Another Independent Texas Abortion Provider Shuts Its Doors

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Another Independent Texas Abortion Provider Shuts Its Doors

Andrea Grimes

"The closure today of Whole Woman’s Health of Austin is the result of politicians acting against the women in our state when they passed HB 2," said Whole Woman's Health CEO Amy Hagstrom Miller in a press release on Thursday.

Another independent Texas abortion facility has closed its doors just days before its owner returns to court to challenge part of HB 2, the omnibus anti-abortion law that has shuttered more than half of the state’s legal abortion facilities since it went into effect last November.

“The closure today of Whole Woman’s Health of Austin is the result of politicians acting against the women in our state when they passed HB 2,” said Whole Woman’s Health CEO Amy Hagstrom Miller in a press release on Thursday. The Austin facility was the Whole Woman’s “flagship” location, featuring warm lighting, purple tones, and inspirational quotes from women such as Aretha Franklin and Audre Lorde.

Hagstrom Miller once oversaw the provision of legal abortion care at five locations across Texas, but over the past several months, she has closed her clinics in Texas’ Rio Grande Valley and Beaumont, in East Texas. Today, only Hagstrom Miller’s clinics in Fort Worth and San Antonio—where Whole Woman’s operates a hospital-like ambulatory surgical center (ASC) facility—remain open.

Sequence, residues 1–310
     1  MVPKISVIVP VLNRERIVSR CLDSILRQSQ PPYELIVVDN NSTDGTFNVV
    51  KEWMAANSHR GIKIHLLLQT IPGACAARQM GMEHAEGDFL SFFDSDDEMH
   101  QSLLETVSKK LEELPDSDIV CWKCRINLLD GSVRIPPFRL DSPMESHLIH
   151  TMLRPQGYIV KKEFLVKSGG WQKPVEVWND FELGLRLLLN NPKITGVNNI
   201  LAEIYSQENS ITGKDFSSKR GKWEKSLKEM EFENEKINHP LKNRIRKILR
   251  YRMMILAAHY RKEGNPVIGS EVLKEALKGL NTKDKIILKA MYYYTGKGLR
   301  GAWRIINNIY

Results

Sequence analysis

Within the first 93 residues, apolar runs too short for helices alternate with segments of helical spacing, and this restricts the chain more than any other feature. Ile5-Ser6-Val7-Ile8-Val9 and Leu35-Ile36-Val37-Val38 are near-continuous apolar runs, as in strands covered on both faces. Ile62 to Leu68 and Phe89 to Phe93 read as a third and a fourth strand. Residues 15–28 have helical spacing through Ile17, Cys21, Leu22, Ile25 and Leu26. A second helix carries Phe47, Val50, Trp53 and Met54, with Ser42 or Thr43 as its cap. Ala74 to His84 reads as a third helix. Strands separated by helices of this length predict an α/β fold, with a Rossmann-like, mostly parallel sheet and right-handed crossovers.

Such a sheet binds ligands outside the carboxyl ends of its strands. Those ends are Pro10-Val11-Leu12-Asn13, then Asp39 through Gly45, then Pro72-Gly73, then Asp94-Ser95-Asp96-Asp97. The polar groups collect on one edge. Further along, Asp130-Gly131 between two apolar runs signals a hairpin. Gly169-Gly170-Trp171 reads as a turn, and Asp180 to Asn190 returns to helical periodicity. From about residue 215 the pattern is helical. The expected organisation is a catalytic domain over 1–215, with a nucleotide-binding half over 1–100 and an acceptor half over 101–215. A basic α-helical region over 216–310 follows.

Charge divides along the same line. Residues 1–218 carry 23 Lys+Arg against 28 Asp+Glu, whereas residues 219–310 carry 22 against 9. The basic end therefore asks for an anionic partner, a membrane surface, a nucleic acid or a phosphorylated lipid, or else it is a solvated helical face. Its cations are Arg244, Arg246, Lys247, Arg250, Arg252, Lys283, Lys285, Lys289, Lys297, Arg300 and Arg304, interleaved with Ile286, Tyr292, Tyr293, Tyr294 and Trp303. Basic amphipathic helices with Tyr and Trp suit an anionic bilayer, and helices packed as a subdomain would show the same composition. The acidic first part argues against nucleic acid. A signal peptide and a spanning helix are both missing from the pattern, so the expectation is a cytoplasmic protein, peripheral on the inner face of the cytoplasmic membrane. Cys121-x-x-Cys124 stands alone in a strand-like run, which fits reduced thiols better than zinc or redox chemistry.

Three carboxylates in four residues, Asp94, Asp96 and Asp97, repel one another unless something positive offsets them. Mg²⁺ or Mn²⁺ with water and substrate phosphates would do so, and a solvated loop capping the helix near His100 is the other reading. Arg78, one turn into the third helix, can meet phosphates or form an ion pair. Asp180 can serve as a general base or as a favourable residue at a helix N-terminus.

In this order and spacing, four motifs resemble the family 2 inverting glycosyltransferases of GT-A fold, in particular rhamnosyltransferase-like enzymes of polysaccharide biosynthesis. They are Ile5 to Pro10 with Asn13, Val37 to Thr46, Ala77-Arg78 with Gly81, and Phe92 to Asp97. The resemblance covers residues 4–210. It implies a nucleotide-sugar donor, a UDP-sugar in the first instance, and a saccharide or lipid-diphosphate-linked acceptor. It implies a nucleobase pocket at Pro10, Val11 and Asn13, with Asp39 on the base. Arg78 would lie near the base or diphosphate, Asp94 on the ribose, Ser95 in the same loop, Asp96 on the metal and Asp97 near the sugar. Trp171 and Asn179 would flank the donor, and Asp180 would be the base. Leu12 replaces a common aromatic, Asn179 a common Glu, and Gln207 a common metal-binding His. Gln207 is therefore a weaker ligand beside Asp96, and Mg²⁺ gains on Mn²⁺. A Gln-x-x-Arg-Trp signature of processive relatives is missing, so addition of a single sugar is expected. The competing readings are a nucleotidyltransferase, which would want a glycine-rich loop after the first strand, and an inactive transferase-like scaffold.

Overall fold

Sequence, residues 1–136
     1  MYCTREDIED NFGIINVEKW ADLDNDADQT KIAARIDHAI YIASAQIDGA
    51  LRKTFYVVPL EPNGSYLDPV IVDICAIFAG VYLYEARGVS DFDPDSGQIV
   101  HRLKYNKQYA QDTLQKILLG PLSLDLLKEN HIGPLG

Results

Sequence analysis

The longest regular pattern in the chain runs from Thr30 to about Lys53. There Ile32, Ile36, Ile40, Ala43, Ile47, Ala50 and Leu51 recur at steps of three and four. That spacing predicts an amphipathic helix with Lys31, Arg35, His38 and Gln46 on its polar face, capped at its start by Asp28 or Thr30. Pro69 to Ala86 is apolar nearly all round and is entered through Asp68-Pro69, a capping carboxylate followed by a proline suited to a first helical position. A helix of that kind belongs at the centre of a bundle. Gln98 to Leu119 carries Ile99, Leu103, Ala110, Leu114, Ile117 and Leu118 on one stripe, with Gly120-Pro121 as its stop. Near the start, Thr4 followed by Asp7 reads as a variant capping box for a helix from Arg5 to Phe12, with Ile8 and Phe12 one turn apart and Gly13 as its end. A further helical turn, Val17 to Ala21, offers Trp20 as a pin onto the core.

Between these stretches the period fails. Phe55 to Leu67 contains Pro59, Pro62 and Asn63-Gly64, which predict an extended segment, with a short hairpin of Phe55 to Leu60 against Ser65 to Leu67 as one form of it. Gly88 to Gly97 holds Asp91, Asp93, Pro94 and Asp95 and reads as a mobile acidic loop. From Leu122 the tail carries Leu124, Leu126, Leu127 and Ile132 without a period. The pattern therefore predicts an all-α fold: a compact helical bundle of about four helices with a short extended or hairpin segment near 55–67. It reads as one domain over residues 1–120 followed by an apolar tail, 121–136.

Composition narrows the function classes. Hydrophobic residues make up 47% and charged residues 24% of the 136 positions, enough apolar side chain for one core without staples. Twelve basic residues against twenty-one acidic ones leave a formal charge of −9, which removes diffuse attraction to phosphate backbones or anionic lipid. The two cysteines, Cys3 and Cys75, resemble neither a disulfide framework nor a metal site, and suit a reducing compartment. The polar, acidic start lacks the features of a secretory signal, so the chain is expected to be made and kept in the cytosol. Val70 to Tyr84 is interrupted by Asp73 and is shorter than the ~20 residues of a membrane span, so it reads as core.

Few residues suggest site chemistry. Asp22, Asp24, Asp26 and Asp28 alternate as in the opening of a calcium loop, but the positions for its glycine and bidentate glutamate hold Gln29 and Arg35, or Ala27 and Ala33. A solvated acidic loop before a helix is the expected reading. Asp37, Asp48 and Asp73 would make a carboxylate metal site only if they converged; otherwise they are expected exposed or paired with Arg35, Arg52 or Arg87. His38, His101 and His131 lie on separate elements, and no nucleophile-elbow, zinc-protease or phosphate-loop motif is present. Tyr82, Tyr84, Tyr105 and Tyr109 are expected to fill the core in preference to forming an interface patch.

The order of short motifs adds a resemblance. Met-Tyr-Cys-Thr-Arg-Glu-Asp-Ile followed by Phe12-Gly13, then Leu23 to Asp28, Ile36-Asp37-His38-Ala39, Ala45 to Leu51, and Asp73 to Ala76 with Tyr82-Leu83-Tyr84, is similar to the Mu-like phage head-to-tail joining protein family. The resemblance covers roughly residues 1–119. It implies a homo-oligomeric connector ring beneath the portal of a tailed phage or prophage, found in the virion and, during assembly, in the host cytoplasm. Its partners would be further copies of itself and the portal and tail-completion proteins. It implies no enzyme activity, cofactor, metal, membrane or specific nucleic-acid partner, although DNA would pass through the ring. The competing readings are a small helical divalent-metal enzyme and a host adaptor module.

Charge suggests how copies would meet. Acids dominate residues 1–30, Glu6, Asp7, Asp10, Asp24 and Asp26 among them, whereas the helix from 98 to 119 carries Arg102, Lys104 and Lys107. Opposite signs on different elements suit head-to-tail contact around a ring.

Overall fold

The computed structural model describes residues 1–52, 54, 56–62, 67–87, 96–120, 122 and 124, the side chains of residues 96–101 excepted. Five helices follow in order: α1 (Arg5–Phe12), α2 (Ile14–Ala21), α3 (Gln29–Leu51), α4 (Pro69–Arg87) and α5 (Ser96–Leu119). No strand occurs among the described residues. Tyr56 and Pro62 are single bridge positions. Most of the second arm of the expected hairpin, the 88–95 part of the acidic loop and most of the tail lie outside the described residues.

However, the Whole Woman’s Fort Worth clinic, and all other Texas abortion providers that do not meet the standards of ambulatory surgical centers, will close come September 1 without a court ruling blocking the implementation of HB 2. A federal judge in Austin is scheduled to hear the latest challenge to the law—brought, in part, by Whole Woman’s Health—this Monday, August 4.

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The ambulatory surgical center requirement could be the last of four provisions of HB 2 to go into effect. The law currently bans abortion after 20 weeks, severely restricts the prescription of medication abortion to the extent that it requires Texans to visit a doctor four separate times, and mandates that doctors who provide legal abortion care have admitting privileges at hospitals within 30 miles of where they perform procedures.

If Whole Woman’s Health and its fellow plaintiffs are unable to secure an injunction against the law in federal court, the availability of legal abortion care will potentially be reduced to just five Texas cities: Dallas, Fort Worth, Houston, Austin, and San Antonio. Five of the eight remaining providers are expected to be Planned Parenthood facilities, with the vast majority of independent abortion providers closing their doors in the wake of HB 2. Planned Parenthood has announced plans to open two new ASC facilities, in San Antonio and Dallas, before the September 1 deadline.

“While Austin has stopped providing abortion care, our Fort Worth clinic remains open and we hold out hope that this trial will allow us to remain open and continue serving that community and possibly even reopen some of the Whole Woman’s Health clinics that HB 2 forced us to close,” said Hagstrom Miller.

As of July 31, 19 Texas abortion facilities remain open, down from 41 in the spring of 2013, before conservative lawmakers proposed HB 2 in a special legislative session last summer.